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Count Me Out; Let Me be the Women I want to Be!

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In a world where there are always many new movements coming in fashion, we’ve lost track of what is right or wrong and which path to follow. “You’re free to do your own thing,”really though? Or are we just somehow brainwashed into following every new thing that comes up? We are drawn away by the real truth, the reality, and expected to mix in entirely or stand out.
What if I’m someone who wants to find her place but also trying hard to blend with the existing customs. I don’t want to be all out and about like the current generation; I want boundaries and be open to learning and changing for the good. But not at the cost of losing myself, my religion, my beliefs. I should have the freedom to support or discard anything that I do not like or trespasses my faith. Does that make me orthodox?
For example, I support women who have career goals and want to take a walk to the office, but what if my goals are different. I would love to take a walk to the kitchen and serve my dad. Who loves me the most, supports me- I respect him, care for him because he’s a diabetic patient. He needs me as much I need him- does that make me a victim of “Patriarchy”- but I’m also someone who makes sure the men do not treat the women of their house as a slave, and they should share the load. I would teach my son some house chores and how to respect everyone, regardless of their gender. Does this make me a feminist?
I do have goals in life, and I will work hard to achieve them, but I also like cooking and serving the people I love- I’d appreciate it if a man takes care of me, but I would also not completely be dependent on him. I have goals, but I wouldn’t want to be out there and hire someone else to take care of our house while I storm out to take over the world. What if I like to make a favorite dish for my man, and then he helps me clean up? You see, the balance? What if my language of love and care trespasses the rules of feminism? What am I then? I want to have a family, I like cooking, and I want kids. Does this make me a less progressive woman? Am I embracing it all as a victim of Patriarchy? But I enjoy it, and I’m truly happy. To be the woman in the house who would love to walk to the kitchen and manage to do what she loves, does this make me backward or violate other women’s rights who fight to be EQUAL to men?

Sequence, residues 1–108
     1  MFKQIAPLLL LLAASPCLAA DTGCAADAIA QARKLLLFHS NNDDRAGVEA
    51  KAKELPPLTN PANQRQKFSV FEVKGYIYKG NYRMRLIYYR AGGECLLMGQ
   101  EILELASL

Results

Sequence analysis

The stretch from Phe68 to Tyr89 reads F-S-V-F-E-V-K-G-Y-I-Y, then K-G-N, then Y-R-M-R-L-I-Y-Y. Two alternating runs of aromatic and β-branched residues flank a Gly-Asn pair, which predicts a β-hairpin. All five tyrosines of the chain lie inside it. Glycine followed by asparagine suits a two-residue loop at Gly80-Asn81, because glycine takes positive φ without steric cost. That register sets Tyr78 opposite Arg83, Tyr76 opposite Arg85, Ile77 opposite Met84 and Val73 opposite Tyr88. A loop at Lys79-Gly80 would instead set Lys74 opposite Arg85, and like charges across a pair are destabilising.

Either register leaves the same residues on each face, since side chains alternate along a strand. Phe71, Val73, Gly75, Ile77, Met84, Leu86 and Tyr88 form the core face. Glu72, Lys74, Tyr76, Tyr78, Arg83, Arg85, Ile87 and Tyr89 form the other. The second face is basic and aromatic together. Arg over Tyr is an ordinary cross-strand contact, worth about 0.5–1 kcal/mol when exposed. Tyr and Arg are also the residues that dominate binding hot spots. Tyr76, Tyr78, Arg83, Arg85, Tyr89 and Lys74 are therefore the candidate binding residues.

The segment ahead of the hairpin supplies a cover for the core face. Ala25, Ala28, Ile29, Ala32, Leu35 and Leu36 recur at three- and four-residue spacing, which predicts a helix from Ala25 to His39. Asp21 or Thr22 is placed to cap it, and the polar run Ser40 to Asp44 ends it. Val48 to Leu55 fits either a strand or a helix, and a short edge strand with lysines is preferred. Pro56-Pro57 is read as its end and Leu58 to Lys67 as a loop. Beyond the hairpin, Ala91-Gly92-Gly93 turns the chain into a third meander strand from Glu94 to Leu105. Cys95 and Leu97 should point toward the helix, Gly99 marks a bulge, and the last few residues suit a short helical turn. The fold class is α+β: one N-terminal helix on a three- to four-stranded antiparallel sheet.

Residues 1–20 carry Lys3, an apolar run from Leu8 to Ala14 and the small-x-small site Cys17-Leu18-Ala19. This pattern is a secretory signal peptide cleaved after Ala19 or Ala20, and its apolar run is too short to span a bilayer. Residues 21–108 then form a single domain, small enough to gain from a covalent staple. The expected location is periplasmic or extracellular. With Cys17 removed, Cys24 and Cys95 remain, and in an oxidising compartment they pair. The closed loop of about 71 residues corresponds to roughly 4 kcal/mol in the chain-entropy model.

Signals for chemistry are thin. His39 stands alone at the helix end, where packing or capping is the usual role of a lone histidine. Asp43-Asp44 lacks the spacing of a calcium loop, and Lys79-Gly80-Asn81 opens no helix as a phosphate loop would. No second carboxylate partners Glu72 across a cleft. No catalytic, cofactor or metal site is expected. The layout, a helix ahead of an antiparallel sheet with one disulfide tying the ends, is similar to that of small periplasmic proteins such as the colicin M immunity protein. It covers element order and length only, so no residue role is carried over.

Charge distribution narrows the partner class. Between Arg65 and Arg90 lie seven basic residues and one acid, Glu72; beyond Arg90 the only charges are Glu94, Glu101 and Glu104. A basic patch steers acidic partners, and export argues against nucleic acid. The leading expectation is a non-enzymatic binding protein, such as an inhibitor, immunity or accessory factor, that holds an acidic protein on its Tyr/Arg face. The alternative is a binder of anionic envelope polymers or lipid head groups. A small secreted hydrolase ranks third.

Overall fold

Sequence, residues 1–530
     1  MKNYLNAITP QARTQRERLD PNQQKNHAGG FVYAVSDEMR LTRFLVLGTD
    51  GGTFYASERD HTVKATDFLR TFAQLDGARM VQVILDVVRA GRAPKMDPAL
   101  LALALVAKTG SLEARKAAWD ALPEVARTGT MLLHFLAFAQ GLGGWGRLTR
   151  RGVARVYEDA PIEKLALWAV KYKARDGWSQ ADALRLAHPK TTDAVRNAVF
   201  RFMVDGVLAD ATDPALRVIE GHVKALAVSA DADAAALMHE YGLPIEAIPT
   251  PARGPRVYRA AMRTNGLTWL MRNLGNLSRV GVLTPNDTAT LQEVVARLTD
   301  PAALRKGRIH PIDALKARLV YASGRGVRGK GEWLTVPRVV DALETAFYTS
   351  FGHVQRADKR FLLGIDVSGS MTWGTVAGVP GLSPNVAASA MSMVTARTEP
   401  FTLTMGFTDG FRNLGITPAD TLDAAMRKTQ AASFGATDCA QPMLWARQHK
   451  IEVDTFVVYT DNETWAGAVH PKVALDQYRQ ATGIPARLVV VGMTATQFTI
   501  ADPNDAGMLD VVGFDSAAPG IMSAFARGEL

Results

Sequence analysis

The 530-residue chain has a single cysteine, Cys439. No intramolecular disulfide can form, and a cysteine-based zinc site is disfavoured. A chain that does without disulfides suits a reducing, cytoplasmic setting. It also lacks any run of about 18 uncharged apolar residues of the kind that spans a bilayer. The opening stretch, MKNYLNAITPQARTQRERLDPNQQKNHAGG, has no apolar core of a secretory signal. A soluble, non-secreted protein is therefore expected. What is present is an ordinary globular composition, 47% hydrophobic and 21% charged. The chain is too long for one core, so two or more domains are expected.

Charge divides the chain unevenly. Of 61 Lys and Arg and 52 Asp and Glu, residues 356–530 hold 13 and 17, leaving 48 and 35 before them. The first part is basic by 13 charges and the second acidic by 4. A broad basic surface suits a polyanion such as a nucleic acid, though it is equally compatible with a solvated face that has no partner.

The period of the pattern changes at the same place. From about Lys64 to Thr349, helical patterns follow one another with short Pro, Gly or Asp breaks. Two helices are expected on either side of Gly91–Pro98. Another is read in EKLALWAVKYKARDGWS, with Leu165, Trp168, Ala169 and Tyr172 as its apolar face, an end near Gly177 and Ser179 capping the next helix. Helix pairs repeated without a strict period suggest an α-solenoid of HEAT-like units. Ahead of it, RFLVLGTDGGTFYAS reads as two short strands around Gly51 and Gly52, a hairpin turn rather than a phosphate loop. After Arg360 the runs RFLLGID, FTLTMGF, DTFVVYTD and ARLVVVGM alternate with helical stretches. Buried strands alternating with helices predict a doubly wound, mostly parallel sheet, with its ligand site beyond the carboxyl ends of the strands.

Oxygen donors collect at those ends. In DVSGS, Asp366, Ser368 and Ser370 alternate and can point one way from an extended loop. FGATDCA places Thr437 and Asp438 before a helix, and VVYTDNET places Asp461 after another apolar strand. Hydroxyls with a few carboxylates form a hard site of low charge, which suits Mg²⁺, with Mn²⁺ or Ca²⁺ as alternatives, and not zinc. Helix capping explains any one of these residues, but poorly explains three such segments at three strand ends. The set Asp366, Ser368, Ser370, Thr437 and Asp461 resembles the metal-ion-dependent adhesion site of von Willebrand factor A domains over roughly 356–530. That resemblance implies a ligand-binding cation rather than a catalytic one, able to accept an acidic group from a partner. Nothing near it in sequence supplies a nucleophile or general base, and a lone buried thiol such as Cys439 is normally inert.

I know it might make many women out there furious to read this piece of mine who is a victim of Patriarchy and find it hard to make a place of their own. But so do I. It’s hard to be a part of something that I do not want to be. It’s hard to fight for something I do not believe in. My religion gives respect and honour to the women while ‘culture’ discards them. I’m rooting for the women who are in toxic, abusive relationships, and I’m rooting for the rape or acid victims; I’m rooting for the women who are being oppressed but forgive me for not blending in with the wrong ways of proving yourself equal to the men. We’re different, and we have other responsibilities- I’d follow them, the ones set by my religion, not by culture. I can’t walk on the road naked to prove I’m strong and equal to the men, and I won’t remove my hijab not because it’s what I want to follow, it’s because it’s a part of my religion. It’s a choice but also an obligation that I’d love to follow without being ashamed. I’m a woman, and I’m proud to be one – I sympathize with the women who had to go through a lot but not with those who shout at the top of their voices, jump on the bandwagon without knowing the cause. Some things are forbidden in my religion; I will not support it; if that labels me as something, I’ll take it. But will not try to follow the herd to look cool.
That brings me to a conclusion that I wouldn’t follow a movement or any trend but what I feel is right according to my religion, my principles. And yes, I’ll keep my heart and my mind open to different views and opinions. I’ll be open to learning and growing, but while I’m on this path of change and revolution, I’ll not leave the bag of rules and regulations in my religion. Count me out; let me be the woman who I want to be.

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